To start, Mary was storming through it, and I thought, either she knows she will finish strong, or her pace will bite her at the end. I traveled in the middle of the pack where Daniel and I chatted about his recent move into a new apartment and how I live in D.C. I expressed how places like Arlington and Alexandria are very appealing at times, having a slightly slower pace than our nation’s capital.
I was pretty oblivious to how unprepared I was for this hike until Alyssa mentioned after seeing the tiny bottle of water in the outside pocket of my bag, “Aaron, I hope that isn’t all the water you have with you,” she said.
Thanks to Greg, that wasn’t the case. He shared with me an extra bottle of water he brought for himself, which was incredibly kind considering the value of water on a 10-mile hike. Hiking on Stony Man misinformed me, as there was a nearby place to purchase water, coffee, and other snacks. I expected the same, which was not the case.
Along the trail, Alan and I talked about sports initially, as we often do after staff meetings. This time we picked up some of the conversations Greg, Matt, and I had on the drive up, which toggled between Kobe-Lebron, Messi-Ronaldo, Popovich-Belichick, the works! Given my age and fitness level, Alan said it might be a good idea that I’m not the one pushing the pace, which is funny because I thought given my hiking inexperience, I’d better pace myself.
Nonetheless, I eventually picked up the pace, finding myself in front, not knowing if I’m the one who’s now biting off more than I bargained for. I wagered I wasn’t and naively pushed onward. As a group, we slowed the pace and sped up at different points to catch up with one another, genuinely using the time to get to know each other better. Mary and I are the newest to the staff, having joined well into the pandemic, so each in-person interaction, despite how short or long, is a teambuilding exercise.
Everyone made the most of what was a pretty strenuous hike. Sometimes we stopped for water breaks, as it was 93 degrees on the day and felt even warmer. Greg, who admittedly would much rather be found holding a fishing pole, was trying to remember where he found a body of water to fish the last time he was there. Alyssa and Rentz showed me their hydration bladders which made staying hydrated on the move much more convenient for them.
At the highest point of Old Rag, after climbing over and under large rocks using problem-solving skills and teamwork, Alan wasn’t going to rest until he stepped onto the highest point of the mountain. Even though I still had reservations due to my lingering fear of heights, I have competitiveness in spades for every fear I’ve ever had. I climbed up to the highest point and took it all in. It was the most confident I’ve ever felt. My final fear bites the dust (if I exclude snakes, which is a fear I may never get over).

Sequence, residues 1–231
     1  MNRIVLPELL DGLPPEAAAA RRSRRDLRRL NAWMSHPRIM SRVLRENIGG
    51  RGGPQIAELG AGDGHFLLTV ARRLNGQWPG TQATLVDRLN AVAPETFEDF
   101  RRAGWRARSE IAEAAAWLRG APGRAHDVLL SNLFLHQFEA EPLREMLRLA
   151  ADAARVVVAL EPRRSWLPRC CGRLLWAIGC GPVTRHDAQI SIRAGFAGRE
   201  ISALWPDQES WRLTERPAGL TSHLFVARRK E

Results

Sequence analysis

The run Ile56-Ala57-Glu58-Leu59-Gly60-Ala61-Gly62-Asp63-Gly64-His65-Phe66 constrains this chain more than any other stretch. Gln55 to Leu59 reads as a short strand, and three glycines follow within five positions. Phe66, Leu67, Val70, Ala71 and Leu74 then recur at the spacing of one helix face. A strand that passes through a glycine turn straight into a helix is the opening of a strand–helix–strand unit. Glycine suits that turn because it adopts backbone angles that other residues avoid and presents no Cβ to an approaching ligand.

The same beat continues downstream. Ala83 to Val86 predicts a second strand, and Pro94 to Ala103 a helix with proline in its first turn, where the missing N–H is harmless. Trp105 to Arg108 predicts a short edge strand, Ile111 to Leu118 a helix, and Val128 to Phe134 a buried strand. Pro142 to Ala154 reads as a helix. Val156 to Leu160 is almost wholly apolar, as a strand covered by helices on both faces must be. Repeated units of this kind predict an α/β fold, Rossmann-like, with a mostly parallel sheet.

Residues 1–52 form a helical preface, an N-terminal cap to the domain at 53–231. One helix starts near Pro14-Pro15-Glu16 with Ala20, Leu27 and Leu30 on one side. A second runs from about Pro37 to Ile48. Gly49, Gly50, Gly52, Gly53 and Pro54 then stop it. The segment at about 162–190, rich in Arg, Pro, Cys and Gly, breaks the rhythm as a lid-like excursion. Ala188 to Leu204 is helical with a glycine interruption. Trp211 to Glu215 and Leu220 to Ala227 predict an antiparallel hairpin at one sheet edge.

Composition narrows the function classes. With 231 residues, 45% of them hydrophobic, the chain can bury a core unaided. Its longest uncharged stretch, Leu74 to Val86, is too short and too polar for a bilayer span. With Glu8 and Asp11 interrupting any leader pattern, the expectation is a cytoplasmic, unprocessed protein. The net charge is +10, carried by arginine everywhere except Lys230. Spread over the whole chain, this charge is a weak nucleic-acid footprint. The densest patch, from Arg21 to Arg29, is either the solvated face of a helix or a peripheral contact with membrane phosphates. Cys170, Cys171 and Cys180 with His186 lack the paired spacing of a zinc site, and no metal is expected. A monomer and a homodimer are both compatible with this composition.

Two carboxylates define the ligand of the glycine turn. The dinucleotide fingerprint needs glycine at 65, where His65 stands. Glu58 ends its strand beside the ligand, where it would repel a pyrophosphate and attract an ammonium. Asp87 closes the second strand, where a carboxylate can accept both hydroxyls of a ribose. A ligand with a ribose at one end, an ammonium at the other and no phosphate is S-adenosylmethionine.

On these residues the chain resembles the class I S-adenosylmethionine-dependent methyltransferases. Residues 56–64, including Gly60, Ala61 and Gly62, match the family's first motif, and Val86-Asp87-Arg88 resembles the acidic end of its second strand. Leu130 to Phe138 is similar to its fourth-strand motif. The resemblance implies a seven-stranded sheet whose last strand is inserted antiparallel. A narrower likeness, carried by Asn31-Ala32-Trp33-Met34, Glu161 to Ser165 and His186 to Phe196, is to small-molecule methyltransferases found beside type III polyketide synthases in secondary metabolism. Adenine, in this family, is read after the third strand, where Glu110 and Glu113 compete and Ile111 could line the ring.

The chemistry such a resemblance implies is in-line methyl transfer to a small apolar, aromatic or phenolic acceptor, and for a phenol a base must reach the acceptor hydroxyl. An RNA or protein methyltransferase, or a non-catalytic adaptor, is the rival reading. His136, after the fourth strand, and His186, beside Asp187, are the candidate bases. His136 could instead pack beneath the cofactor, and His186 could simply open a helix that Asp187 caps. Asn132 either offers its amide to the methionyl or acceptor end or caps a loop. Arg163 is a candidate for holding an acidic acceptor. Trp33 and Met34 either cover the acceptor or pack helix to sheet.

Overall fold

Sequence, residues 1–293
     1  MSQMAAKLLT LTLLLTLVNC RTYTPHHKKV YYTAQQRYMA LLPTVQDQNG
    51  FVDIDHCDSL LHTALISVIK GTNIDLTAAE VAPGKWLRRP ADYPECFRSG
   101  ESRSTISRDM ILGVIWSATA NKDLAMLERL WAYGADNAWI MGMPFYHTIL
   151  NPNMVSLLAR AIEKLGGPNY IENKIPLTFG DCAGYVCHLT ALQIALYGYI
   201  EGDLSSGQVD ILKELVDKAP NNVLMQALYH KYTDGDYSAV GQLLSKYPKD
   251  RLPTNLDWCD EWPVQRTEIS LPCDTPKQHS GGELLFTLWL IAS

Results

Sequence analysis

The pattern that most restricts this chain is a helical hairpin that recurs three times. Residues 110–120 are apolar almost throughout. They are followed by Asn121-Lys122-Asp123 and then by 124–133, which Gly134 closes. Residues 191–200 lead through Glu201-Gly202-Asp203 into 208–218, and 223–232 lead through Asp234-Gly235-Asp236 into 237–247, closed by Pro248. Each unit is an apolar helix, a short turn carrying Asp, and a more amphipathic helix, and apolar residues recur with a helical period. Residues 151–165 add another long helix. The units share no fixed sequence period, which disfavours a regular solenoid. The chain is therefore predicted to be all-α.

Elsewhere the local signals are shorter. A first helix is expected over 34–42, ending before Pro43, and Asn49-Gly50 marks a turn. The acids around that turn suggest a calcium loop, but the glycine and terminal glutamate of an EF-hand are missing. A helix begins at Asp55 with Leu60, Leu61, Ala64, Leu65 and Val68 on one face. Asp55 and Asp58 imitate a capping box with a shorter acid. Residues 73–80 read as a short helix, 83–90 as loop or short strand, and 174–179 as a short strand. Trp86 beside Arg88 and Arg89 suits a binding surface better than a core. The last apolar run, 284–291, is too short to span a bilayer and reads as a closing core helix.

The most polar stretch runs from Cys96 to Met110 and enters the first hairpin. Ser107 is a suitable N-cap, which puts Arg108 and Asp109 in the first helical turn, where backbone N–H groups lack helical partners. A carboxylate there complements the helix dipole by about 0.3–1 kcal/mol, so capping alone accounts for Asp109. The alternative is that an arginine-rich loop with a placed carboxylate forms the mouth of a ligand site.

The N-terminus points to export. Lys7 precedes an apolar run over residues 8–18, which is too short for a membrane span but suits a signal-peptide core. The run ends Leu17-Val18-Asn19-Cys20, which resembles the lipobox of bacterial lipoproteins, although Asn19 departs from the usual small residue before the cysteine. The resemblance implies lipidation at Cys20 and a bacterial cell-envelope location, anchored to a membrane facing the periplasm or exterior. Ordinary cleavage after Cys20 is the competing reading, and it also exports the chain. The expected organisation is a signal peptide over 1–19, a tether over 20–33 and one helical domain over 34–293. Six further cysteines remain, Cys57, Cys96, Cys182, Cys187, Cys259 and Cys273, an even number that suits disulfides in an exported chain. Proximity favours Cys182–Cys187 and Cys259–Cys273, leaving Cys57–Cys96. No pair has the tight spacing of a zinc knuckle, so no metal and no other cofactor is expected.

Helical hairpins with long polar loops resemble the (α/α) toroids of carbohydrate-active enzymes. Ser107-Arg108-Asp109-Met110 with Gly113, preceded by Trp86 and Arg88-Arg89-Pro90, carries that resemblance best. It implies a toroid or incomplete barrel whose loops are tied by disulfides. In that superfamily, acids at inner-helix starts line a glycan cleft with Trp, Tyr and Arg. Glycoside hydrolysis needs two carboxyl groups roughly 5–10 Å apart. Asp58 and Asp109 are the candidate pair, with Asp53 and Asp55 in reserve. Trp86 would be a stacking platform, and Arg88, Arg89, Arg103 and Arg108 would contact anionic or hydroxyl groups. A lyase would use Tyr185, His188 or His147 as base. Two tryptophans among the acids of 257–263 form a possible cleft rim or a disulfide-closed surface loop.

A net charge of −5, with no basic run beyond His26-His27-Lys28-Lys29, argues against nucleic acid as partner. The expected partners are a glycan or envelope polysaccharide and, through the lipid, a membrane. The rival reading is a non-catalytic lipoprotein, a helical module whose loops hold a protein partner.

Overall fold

Reaching the top also meant it was time to stop for lunch, so we all had enough fuel to make the hike back down. I had trail mix packs, a protein bar, a juice box, and the water Greg granted me. Rentz and Alyssa again reminded me how unprepared I was, having burritos for lunch on the top of a mountain. I thought, “I really have to step my game up.”
Me, who’d never hiked before joining NVCT, and an African-American, who aren’t often associated with hiking, camping, etcetera was on top of a mountain. I couldn’t believe it. Matt, being well aware of my hiking inexperience, wanted to do something special that not only welcomed me to the team but acknowledged who I am and why standing atop Old Rag was so significant for me.
Matt spoke about an ongoing partnership with the company Black Folks Camp Too. Their slogan is “treat everyone, everywhere, equally.” He then shared a note from the company’s founder Earl B. Hunter, Jr., that spoke directly to the principles suggested by the slogan.
“Matt, thank you very much for supporting our company and mission. We promote UNITY in the outdoors,” the note said.
He then passed out the “Black Folks Camp Too” stickers, which symbolize their universal equality mission. For me and my experience, it was on the money.
Shortly after Matt’s heartfelt presentation, two gentlemen who passed us earlier were having lunch, as well, and thankfully were kind enough to take a photo of the entire staff at the top. It was one of my favorite moments of the hike, getting us all together and documenting that incredible moment.
The hike down was wretched. It felt like going down the grandest flight of stairs, stepping knee over toe repetitively for hours on end. Our conversations on the way down had now shifted to our physical limitations as our bodies started to fatigue. All we could think about on our way down from the strenuous hike was whatever ailments we had. Rentz and I talked a lot about injuries we’ve endured in the gym while Mary stormed down the mountain like a woman on a mission.
Unfortunately, nearly at the end of the trail, a detour was added, extending our hike for almost one and a half miles. A few of us pouted for a moment until Mary again started to set the pace to the finish. Mary, Alan, and I pushed through what remained of the trail, and at 3:26, exactly six hours after starting the path, I crossed the finish line, five minutes or so behind Mary and Alan. The rest of our team rolled in not long after, and our hike was complete!
I was excited and exhausted at the same time, but most of all, I was proud. Proud that I’d finished the hike. Proud that I kept a good pace and never thought about turning around. Proud that I work with such incredibly awesome people. And finally, I was proud that I reached the top of the mountain despite my acrophobia, totally blind to my fears.